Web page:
Be the #1 – Inspiring Looked After Learners


The University of Wales Trinity Saint David is playing an integral part in an inspirational new campaign that will be launched during National Care Leavers’ Week later this month.  The aim of the BeThe #1 campaign is to encourage Foster Carers, key workers and teachers to help the young people in their care to raise their educational attainment and aspirations.

National Care Leavers’ Week is about highlighting the needs of care leavers and encouraging the agencies responsible for looking after them to work in a coordinated and effective way.

The dedicated Carers week also offers an opportunity to focus on the numerous issues facing an invisible minority who have to deal with a particular set of challenges as they enter adult life.  It’s also a chance to raise awareness amongst the public and to underline the support that’s desperately needed for these young people.

Trystan Rees from the University of Wales Trinity Saint David (UWTSD) has been working collaboratively with the South West Wales Reaching Wider Partnership to develop the BeThe #1 campaign - a series of short films, focusing on four individual students and graduates on their unique academic journey from Year 13 to entering employment following their graduation from university.

With the BeThe#1 campaign launched to coincide with National Care Leavers’ Week, one film will be released each day from 20 October until October 30th. Staff from UWTSD and the South West Wales Partnership will also be delivering a programme of BeThe#1 training sessions to Foster Care networks from across South West Wales from November 2016. 

“The University of Wales Trinity Saint David is committed to providing a very high standard of care and support for its Students,” says UWTSD’s Trystan Rees.

“If you are a student entering Higher Education from care, you can be assured that the University will offer the necessary support and information. This support is available whilst you are deciding what or where to study, continuing throughout the university application process, and is ongoing once you have started your course. Help and information is also available if you are someone advising a student from care,” continues Trystan.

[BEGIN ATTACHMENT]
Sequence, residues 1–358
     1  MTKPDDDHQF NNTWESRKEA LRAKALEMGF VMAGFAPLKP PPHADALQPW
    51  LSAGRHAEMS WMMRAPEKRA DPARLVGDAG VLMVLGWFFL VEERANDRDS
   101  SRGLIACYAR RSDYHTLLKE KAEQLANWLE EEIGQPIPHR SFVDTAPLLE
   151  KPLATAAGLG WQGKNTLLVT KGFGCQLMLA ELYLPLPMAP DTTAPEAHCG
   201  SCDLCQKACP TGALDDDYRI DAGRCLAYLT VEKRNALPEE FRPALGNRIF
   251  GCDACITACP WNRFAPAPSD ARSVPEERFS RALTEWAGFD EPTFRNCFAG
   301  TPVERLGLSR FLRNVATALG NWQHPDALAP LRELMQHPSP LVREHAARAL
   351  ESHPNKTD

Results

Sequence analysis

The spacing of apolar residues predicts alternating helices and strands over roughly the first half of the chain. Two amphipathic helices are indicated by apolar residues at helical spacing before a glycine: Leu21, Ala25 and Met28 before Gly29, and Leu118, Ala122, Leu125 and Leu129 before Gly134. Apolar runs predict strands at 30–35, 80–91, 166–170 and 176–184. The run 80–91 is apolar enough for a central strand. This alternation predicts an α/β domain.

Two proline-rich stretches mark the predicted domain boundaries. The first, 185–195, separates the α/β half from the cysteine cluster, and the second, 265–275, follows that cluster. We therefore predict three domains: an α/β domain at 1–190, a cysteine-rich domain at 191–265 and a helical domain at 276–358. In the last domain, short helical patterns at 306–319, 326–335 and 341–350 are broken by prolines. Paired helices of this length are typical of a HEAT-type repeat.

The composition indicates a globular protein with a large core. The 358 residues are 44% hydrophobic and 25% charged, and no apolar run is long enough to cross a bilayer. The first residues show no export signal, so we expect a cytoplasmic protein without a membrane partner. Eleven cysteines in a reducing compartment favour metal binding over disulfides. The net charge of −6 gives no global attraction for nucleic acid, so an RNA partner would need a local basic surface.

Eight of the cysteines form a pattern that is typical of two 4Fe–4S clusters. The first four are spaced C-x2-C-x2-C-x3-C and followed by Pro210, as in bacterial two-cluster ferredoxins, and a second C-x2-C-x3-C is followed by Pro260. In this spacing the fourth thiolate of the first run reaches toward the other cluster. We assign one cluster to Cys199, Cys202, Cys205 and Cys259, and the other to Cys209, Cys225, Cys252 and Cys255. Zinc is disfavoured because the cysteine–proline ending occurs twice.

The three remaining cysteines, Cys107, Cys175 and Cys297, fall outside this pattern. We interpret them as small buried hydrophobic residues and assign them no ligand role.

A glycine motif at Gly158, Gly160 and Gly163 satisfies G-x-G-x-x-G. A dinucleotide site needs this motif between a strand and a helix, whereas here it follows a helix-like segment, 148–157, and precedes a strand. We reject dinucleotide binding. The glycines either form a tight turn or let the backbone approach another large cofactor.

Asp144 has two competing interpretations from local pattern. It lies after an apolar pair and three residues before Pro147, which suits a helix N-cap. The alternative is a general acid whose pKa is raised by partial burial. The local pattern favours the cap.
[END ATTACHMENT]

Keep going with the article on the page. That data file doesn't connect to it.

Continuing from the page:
At the University of Wales Trinity Saint David, students from a care background are offered:

Pre-entry guidance from the Careers Officer, if required, and help during the university application and admissions process.

  • The option of peer mentor support to help students settle in during the first few weeks of term.
  • Targeted financial support for Care Leavers through the University’s bursary and Financial Contingency Fund.
  • An integrated Student Services offering easy access to financial support, additional needs information and support, counselling, and specialist academic support services.
  • Meetings as required between the named contact and a student from care to identify support requirements, and to liaise with University departments and external agencies where appropriate (and with the student’s express permission).
  • Help with planning and arranging accommodation for both term and vacation time.
  • A high degree of confidentiality for students from a care background in respect of service provision and specific arrangements.

Young people from a Care background can declare on their UCAS application form that they have been in care, or their Social Services team can let the University know that the student is a care leaver. This enables the University to make sure that support is in place from an early stage.

“The University of Wales Trinity Saint David provides a friendly, safe and welcoming place in which to study.  After the student has been offered a place at the University, they will have the opportunity to come to a support meeting which will be arranged to help them with the transition to university life,” continues Trystan Rees.